Series three’s branch merger heralds the introduction of Andy Bernard, effectively giving the show two rival Gareths battling for Michael’s favour. Hell, Andy’s first appearance is swiftly followed by Jim repeating the jelly prank on him, just so we get the point. While both are funny enough, neither quite get it right, and Dwight especially seems to be permanently placed just that little too far outside of The Office’s otherwise reasonably-realistic feel.
The US series was always planned to run for a lot more episodes than the original ever did, and so the writers took the sensible step of giving the show a much wider supporting cast. The majority of these characters are entirely original, the only exception being Kevin, who is very loosely based on Wernham-Hogg’s Keith. Kevin shares his accountant role with Angela, the judgemental and sour-faced killjoy who enjoys a highly secretive affair with Dwight. Then there’s Oscar, who as a gay Mexican, allows Michael plenty of Brent-style faux pas, such as their classic exchange at a diversity training workshop:
Michael: “Is there a less offensive term besides ‘Mexican’ that you prefer? Something less offensive?”
Oscar: “Mexican isn’t offensive”
Michael: “Well, it has certain connotations”
Probably the finest additions to the cast are Creed and Toby. Creed, the oldest worker at the branch, is similar to Dwight, in that he pushes at the limits of believability – but he gets away with it largely because he’s a purely comic character, with very little dramatic involvement to speak of. His deadpan eccentricities seemingly stem from the 1960s, where his bohemian lifestyle as a hippy musician, coupled with a vast intake of drugs, has left him with very little sense of reality or morality. As one of the branch’s quality control officers, his finest moment occurs in “Product Recall”, when he fails to notice a batch of paper with an obscene watermark. He covers his error by carefully contriving to pin the blame on a woman from the paper mill, resulting in her dismissal. Not content with this, Creed then organises a collection for the fired woman, and pockets the takings himself. Crucially, he is blissfully unaware that much of his behaviour appears strange, claiming, “I’m a pretty normal guy. I do one weird thing. I I like to go in the womens’ room for a number two”.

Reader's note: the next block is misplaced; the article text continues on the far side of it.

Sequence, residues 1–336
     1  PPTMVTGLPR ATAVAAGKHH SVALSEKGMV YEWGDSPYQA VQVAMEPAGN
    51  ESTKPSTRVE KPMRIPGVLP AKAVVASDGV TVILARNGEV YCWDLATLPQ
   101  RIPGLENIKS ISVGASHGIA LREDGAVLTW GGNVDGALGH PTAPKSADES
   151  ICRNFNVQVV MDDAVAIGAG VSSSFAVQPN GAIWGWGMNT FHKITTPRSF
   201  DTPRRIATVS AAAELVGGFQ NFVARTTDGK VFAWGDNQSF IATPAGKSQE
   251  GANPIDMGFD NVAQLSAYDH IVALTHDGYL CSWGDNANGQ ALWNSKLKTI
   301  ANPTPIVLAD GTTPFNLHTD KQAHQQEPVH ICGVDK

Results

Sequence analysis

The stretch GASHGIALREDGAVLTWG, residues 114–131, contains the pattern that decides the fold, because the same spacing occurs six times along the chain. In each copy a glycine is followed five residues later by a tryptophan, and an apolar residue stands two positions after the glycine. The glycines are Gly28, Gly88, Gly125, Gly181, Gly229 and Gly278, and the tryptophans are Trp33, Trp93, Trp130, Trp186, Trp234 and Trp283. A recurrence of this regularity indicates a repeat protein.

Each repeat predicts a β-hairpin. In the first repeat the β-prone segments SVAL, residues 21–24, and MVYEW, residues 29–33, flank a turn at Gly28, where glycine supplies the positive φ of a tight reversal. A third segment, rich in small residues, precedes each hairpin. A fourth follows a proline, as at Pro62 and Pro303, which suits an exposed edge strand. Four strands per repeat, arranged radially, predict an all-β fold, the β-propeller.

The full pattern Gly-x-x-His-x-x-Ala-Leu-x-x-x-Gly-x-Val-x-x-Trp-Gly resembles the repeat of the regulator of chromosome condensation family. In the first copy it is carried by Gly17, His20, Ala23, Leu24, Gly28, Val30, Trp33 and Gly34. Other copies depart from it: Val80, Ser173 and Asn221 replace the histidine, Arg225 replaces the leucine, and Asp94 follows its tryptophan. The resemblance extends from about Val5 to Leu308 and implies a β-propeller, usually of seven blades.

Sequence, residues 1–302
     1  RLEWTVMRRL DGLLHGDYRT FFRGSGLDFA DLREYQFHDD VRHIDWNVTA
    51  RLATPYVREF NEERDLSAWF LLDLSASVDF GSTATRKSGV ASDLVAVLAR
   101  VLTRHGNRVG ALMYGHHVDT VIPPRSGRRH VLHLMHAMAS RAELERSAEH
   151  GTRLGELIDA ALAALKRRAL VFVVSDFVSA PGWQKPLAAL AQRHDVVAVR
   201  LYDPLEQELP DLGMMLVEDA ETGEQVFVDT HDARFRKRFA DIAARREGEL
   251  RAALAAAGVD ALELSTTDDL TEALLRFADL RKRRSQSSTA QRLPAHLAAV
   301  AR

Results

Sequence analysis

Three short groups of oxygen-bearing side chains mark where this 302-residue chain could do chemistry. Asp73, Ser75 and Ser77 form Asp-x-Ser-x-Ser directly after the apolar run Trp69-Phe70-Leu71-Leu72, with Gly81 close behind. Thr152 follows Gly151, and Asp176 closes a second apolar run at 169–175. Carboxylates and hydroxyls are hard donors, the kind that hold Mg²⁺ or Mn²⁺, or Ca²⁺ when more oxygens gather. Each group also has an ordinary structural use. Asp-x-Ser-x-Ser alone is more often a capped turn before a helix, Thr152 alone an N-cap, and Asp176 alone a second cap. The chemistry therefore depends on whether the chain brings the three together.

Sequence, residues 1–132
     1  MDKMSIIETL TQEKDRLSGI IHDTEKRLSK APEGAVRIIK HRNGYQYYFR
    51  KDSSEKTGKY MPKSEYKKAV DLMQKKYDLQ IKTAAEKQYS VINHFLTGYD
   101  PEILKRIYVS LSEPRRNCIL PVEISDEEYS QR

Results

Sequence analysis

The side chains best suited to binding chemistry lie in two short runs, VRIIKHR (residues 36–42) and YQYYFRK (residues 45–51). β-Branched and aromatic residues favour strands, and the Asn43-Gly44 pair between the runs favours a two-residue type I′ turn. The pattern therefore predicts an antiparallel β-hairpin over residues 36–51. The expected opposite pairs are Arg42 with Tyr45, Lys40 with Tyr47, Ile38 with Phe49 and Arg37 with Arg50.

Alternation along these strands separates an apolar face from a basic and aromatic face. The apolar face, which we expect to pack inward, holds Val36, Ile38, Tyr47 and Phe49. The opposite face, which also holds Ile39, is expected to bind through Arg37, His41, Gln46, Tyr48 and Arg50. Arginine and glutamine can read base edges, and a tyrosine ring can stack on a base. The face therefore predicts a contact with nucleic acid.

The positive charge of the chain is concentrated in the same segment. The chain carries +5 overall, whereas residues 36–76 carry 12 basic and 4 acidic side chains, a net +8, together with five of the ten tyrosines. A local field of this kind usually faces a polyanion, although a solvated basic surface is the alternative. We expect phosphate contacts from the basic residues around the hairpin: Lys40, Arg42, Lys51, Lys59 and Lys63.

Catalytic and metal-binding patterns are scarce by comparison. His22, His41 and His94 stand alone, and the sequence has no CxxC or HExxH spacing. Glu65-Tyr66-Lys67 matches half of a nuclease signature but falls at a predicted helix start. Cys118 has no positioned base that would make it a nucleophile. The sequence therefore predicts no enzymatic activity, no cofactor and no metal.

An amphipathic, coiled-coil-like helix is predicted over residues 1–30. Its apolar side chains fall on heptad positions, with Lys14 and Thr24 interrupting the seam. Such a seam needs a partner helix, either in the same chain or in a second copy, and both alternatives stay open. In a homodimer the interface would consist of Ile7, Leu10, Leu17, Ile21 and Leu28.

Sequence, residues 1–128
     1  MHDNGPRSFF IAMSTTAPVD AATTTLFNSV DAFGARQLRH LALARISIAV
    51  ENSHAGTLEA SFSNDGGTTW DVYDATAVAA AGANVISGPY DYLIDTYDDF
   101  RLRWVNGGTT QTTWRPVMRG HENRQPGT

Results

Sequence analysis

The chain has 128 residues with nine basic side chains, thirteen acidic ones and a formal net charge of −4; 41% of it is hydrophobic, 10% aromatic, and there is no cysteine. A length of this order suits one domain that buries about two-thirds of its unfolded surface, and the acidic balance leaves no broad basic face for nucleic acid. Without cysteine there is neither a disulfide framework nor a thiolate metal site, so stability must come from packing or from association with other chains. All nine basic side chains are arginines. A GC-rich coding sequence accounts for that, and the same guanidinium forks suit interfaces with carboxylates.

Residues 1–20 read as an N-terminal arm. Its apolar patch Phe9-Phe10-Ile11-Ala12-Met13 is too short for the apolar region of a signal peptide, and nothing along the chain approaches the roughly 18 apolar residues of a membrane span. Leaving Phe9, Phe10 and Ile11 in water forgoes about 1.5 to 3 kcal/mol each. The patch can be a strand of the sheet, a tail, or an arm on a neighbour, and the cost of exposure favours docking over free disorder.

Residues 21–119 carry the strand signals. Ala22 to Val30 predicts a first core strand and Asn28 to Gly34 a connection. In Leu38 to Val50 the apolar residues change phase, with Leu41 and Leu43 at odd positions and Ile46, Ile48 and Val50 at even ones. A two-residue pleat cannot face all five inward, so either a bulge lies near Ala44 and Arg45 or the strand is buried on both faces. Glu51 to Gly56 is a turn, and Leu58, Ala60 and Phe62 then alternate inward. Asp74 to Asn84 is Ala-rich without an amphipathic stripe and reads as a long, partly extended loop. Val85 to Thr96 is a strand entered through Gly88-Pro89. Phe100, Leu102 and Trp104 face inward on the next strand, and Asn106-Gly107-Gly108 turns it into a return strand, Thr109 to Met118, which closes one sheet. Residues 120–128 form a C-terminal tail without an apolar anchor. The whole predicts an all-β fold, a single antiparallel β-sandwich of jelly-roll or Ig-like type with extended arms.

By contrast, Toby, played by writer Paul Lieberstein, has a very important dramatic role, in that he provides Michael with the kind of nemesis Brent had in Neil Godwin. As the branch Human Resources representative, Toby has semi-authority over Michael, or in Michael’s words, “Technically, he works for corporate, so he’s really not a part of our family. Also, he’s divorced, so he’s really not a part of his family”. The fact that Toby is the one who, with resigned willingness, protects the rest of the staff from Michael’s misguided ideas, and is moderately well liked by them in return, leads to a wonderfully funny relationship, with Toby bearing the brunt of Michael’s childish resentment and bullying.
One of the show’s most exquisite moments comes in series four’s “The Deposition”, when Toby offers a forlorn Michael the hand of friendship over lunch. Michael’s lack of maturity leaves him totally ill-equipped to deal with his rival’s openly emotional description of his parents’ divorce, and silently walks away, cruelly pushing Toby’s lunch onto the floor as he does so.
As has been mentioned, in terms of style, the show does come as something of a culture shock to those accustomed to the BBC version. While the mock-documentary theme still has a strong role to play, this version drifts back towards traditional sitcom with soap opera elements thrown into the mix for good measure. As such, whereas it is easy to (wrongly) assume the dialogue of UK version is semi-improvised, here the whole show has a much more scripted feel. Occasionally, scenes will even flout the format completely, by showing characters acting in a way that they would clearly not do given they should be aware of the camera’s presence. At other points, the documentary crew will be seen manipulating events, for example, in a scene the camera rushes to Pam’s desk and alerts her to the fact Dwight is eating the chocolate she had previously seen Angela buy, deepening her suspicions of their burgeoning relationship. Again, these are not criticisms, but are certainly barriers UK Office fans have to overcome, particularly given the original was known for pioneering a realistic style of sitcom.